Before that, there’s an obvious question to ask when confronted with yet another ethics text: why? This book follows the same outline and employs the same examples as many others. There’s an introductory chapter on why morality matters: “Nearly every single thing we do has some ethical component to it, whether we realize it or not. That means we owe it to ourselves to learn what the hell ethics is and how it works, so we don’t screw everything up all the time.” Then follows a few chapters on “the ‘Big Three’ in Western moral philosophy” — utilitarianism, Kantianism, and Aristotelian virtue ethics — plus one covering T. M. Scanlon’s contractualism.

After that, there’s a series of chapters applying these theories to concrete cases and a few summing up what we’ve learned and why it matters. Aren’t there dozens of well-regarded ethics textbooks covering roughly the same ground, following roughly the same structure, and aren’t they written by people with PhDs? That, Schur suggests, is exactly the problem. Though philosophers “have answers for us — or, at least, they have ideas that may help us formulate our own answers,” they write “infuriatingly dense prose that gives you an instant tension headache.”

The distinctive Schur-twist (Schurprise?) of How to Be Perfect is, of course, comedy. The text is studded with riffs on philosophers and their theories, along with the occasional funny observation about contemporary life. The joking tone varies from playful absurdism to winking irony to hyperventilating histrionics, as if Schur were playing an improv game of “yes and” with himself. For example, when explaining the demanding complexity of strict utilitarian analyses:

If we were having lunch with our best friend, Carl, and across the street a woman got frustrated by a malfunctioning parking meter, we would have to leap up and rush to help her … unless doing so made Carl upset, because he was right in the middle of an emotional story about his ongoing troubles with his sister, and thus the act of helping the parking meter lady would cause him more unhappiness than the happiness we would create by helping the woman with her parking meter troubles … but then as we’re making that calculation we happen to overhear someone talking about a flood in Missouri that displaced thousands of people, all of whom are more in need than Carl or Parking Meter Lady, so we rush to the airport …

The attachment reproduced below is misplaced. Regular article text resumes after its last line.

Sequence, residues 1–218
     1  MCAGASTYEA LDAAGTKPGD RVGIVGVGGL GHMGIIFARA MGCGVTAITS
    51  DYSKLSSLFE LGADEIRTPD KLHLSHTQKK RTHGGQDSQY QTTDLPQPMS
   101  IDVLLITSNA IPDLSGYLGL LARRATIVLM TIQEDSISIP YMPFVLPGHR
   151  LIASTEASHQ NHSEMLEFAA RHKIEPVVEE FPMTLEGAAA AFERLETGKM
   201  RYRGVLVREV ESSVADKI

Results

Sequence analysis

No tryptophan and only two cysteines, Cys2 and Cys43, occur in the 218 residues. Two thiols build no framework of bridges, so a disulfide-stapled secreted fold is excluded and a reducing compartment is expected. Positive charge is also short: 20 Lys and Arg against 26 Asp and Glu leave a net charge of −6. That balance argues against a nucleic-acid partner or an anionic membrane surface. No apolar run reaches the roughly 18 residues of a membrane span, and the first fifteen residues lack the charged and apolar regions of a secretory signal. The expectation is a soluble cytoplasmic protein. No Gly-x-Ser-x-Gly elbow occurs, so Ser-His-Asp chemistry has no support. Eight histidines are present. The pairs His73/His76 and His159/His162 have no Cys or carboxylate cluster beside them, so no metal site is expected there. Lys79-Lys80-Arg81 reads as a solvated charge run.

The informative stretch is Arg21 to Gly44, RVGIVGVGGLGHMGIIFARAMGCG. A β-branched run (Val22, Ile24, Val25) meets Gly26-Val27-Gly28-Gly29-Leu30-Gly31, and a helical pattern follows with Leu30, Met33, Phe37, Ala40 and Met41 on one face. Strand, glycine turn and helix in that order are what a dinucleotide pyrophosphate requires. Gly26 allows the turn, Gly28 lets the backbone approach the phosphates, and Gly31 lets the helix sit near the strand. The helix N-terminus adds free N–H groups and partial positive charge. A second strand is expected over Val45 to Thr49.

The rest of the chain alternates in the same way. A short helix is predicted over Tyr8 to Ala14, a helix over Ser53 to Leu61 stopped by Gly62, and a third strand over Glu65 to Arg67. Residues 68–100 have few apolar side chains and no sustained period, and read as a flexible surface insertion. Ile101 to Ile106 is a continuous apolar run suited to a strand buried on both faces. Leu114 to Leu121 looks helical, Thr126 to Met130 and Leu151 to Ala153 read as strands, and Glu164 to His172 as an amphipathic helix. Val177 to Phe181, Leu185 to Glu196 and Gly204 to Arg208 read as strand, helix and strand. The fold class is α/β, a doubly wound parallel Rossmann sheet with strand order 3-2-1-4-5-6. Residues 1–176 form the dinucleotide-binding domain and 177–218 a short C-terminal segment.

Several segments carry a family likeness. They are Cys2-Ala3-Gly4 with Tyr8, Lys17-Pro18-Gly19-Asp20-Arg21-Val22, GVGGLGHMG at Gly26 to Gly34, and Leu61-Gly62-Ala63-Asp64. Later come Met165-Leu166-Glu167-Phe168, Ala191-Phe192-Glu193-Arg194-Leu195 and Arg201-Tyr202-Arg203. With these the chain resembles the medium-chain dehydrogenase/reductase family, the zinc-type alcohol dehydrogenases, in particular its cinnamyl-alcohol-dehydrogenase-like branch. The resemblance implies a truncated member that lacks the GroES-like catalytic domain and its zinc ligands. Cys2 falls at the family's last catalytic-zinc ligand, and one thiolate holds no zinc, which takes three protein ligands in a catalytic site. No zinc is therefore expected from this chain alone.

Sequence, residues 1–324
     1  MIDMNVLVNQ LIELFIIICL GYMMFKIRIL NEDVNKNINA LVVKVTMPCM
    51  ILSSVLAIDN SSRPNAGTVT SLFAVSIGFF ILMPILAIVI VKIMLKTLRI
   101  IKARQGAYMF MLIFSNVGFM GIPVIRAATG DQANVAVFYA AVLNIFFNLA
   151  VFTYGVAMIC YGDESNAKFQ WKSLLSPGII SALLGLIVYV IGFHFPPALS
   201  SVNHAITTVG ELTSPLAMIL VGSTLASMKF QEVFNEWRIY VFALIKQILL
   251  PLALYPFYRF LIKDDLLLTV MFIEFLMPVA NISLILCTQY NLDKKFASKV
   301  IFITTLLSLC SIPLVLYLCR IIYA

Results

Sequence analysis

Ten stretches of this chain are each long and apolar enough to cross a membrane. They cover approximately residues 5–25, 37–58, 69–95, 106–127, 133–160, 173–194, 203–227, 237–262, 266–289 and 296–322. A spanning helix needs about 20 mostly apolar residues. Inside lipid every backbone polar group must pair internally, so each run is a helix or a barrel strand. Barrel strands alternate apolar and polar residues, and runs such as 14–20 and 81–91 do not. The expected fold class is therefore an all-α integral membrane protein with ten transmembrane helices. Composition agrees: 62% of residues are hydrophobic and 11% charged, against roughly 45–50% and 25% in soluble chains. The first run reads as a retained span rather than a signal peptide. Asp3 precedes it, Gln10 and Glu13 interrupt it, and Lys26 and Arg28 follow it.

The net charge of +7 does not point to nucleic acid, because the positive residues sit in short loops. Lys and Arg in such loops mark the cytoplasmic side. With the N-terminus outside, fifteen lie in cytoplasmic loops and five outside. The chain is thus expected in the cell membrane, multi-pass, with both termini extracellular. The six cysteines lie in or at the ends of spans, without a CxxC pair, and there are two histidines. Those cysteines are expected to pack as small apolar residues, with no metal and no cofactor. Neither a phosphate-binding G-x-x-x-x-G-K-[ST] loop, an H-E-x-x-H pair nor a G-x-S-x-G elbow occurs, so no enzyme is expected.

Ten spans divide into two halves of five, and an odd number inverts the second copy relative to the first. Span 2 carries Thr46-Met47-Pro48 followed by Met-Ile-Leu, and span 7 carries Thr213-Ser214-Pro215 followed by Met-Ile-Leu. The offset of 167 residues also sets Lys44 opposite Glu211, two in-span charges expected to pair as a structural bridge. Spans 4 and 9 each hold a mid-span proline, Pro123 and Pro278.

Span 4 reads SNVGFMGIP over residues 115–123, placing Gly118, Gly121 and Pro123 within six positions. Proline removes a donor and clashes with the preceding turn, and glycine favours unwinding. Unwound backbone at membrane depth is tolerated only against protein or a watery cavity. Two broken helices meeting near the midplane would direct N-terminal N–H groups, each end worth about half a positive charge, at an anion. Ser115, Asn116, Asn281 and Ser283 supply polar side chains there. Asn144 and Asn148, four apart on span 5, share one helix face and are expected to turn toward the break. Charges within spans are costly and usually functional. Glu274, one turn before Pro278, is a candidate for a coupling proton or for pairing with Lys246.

On he goes, without a period in sight. Extended, humorous descriptions are mixed with shorter gags about objects of Schur’s disdain, such as pineapple on pizza, the New York Yankees, Immanuel Kant’s rigidity, and Washington Commanders owner Dan Snyder. With so much jesting, How to Be Perfect is clearly unlike most philosophy texts.

It’s not as if philosophers conscientiously avoid humor. We just aren’t good at it. Our best efforts amount to puns and wordplay. Take, for example, one of my professors: anytime he overheard someone discussing Indian thought, he’d shout, “Well, Samkhya very much!” Or Neil Sinhababu, whose “Possible Girls” — a play on the philosophical theory of possible worlds — got him featured in The Washington Post. Philosophical humor is often comedy as concept, of the “oh, I see what you did there” sort, not anything actually funny. (There are exceptions. Slavoj Žižek, for instance, peppers his books and talks with outrageous and ribald humor to make philosophical points. Much of the rest is dross.)


Leave a Reply

Your email address will not be published. Required fields are marked *